In a 55-minute long video, al Qaeda announced it will launch a new branch in the Indian subcontinent.
Speaking in the video, al Qaeda leader Ayman al-Zawahiri said the purpose is to “wage jihad against its enemies, to liberate its land, to restore its sovereignty, and to revive its Caliphate.”
Al-Zawahiri also said he seeks to gain support “for the vulnerable” in Myanmar and Bangladesh; in the Indian states of Assam and Gujarat; and in Kashmir, the disputed region between India and Pakistan. He called for “rescue” from “injustice, oppression, persecution, and suffering” in these areas.
Some analysts view al Qaeda’s announcement as an indication they’re struggling for followers as ISIS gains support in the global Islamist movement.
“I don’t think this will do a lot to win over constituents,” said Bernard Haykel, professor of Near Eastern Studies at Princeton University, about the India announcement. “They are losing a lot of constituents to the Islamic State, and they are mostly Arabs.”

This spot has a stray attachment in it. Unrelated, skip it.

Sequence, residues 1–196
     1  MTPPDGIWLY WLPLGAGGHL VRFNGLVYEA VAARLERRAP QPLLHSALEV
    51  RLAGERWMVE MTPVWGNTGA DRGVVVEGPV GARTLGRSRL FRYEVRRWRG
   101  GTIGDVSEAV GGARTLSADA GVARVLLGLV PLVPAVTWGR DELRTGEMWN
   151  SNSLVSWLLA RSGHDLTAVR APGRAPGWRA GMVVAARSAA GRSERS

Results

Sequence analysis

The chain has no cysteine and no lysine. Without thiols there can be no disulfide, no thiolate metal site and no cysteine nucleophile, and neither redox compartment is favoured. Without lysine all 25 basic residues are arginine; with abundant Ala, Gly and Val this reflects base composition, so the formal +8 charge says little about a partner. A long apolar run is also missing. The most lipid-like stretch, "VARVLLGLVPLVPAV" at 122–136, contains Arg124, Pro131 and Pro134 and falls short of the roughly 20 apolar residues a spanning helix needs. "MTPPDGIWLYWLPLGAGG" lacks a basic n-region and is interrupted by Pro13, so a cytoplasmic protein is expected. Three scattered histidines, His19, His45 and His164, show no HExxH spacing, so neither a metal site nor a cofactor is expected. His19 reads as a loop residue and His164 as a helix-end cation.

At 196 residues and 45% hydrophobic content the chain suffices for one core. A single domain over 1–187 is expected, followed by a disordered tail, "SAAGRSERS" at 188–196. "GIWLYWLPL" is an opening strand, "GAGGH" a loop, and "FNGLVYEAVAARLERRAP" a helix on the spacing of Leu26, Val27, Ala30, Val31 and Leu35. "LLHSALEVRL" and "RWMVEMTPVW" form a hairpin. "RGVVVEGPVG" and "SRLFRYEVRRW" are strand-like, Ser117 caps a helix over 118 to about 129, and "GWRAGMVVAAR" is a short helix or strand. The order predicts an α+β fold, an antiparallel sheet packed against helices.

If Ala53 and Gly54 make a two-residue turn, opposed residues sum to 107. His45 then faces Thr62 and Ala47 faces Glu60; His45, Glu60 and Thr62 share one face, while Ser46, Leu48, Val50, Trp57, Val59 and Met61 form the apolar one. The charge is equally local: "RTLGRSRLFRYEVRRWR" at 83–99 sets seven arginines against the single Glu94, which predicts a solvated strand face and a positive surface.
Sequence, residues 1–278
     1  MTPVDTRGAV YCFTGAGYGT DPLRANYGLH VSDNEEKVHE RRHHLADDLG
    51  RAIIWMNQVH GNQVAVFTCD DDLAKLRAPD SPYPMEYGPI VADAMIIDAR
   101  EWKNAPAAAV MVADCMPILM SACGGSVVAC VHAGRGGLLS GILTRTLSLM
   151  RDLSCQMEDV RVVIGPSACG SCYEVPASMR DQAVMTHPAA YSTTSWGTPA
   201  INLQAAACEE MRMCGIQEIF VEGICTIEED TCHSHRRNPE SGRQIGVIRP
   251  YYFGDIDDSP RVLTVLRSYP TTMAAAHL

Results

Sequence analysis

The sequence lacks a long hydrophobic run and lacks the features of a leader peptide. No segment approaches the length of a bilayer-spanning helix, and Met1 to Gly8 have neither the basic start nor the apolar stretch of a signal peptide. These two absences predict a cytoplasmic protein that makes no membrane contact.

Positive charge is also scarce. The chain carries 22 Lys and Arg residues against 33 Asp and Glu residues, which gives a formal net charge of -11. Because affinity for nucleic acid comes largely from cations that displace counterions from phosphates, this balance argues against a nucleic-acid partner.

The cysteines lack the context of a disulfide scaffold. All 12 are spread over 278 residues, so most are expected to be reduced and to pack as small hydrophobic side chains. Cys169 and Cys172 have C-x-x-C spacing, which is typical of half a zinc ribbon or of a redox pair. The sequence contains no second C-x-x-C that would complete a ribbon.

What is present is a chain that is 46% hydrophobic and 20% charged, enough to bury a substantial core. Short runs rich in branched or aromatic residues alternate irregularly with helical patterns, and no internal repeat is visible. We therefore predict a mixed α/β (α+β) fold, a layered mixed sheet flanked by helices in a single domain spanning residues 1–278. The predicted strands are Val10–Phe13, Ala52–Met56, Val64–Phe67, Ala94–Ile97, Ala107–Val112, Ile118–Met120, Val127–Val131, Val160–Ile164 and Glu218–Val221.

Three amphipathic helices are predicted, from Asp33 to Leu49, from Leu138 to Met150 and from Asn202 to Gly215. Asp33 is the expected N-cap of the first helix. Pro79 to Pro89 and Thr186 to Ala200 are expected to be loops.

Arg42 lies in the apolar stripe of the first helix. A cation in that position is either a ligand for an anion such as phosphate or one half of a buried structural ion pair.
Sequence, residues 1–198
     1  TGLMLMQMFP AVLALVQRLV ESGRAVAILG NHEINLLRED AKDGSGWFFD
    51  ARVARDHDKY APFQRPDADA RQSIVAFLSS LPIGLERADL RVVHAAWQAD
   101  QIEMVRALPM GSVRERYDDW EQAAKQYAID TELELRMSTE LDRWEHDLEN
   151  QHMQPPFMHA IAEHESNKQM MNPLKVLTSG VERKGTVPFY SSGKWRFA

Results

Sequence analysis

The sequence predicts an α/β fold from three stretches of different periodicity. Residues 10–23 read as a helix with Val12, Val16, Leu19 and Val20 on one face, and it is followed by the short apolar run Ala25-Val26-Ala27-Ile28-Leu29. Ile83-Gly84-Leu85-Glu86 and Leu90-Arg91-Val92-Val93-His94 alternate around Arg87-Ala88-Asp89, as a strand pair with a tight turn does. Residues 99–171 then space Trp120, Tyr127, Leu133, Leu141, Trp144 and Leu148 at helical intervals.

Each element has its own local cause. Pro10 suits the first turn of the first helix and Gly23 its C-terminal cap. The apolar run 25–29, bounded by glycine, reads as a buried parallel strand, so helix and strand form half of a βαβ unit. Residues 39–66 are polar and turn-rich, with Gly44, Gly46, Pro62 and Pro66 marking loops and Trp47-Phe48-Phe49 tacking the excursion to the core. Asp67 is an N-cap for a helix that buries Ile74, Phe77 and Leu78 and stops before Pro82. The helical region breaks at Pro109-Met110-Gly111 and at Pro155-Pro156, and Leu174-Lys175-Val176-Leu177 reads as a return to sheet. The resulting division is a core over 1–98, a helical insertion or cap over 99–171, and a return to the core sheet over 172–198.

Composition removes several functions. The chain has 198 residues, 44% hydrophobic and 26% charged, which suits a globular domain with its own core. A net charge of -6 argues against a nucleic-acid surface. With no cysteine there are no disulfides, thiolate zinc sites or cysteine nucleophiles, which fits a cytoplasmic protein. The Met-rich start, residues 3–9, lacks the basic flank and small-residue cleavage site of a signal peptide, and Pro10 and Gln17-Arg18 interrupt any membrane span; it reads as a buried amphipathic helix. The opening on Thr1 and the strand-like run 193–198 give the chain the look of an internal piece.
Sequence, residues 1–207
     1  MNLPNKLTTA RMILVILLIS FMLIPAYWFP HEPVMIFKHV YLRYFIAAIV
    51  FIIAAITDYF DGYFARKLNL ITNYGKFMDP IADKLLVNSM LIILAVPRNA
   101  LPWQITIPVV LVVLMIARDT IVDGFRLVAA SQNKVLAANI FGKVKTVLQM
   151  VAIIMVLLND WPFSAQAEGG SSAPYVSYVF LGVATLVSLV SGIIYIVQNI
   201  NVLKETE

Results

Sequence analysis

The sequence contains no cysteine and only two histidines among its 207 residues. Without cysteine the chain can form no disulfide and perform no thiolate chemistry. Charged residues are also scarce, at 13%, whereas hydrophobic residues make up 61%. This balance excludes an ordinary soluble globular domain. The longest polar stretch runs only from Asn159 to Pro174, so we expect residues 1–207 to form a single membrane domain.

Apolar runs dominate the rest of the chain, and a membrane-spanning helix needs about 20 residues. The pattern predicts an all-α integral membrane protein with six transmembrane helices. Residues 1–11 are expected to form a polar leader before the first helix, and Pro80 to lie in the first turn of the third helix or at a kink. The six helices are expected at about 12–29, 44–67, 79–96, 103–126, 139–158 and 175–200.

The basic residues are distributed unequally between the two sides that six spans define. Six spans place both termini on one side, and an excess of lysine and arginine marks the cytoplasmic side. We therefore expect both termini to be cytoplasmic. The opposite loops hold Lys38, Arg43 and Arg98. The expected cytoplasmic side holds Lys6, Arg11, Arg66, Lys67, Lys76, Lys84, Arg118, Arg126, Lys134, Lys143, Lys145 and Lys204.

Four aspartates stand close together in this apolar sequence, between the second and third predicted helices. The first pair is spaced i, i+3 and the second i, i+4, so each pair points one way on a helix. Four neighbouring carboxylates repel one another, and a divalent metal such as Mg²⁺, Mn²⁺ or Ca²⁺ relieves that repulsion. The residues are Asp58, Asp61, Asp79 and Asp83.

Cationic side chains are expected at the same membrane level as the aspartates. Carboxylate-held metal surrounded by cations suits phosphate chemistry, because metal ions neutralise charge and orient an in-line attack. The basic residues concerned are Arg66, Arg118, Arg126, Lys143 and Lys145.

If ISIS undermines al Qaeda, “it’s going to affect funding,” said Ajit Singh, senior fellow at South Asia Terrorism Portal in New Delhi. The radicalized Muslims are more likely to fund ISIS.
“That’s why al Qaeda is trying to increase its influence,” he said. Singh says it’s not al Qaeda’s first time trying to gain a foothold in India.
India, a predominantly Hindu nation, has a 13% Muslim population, according to the country’s census. Inter-religious relations have become tense before. In 2002, Gujarat was wracked with anti-Muslim violence, in which more than 1,000 people, mostly Muslims, were killed.
Most of the world’s Muslims live in Asia, with about 1 billion in Asia-Pacific and about 322 million in the Middle East and North Africa, according to the Pew Research Center.
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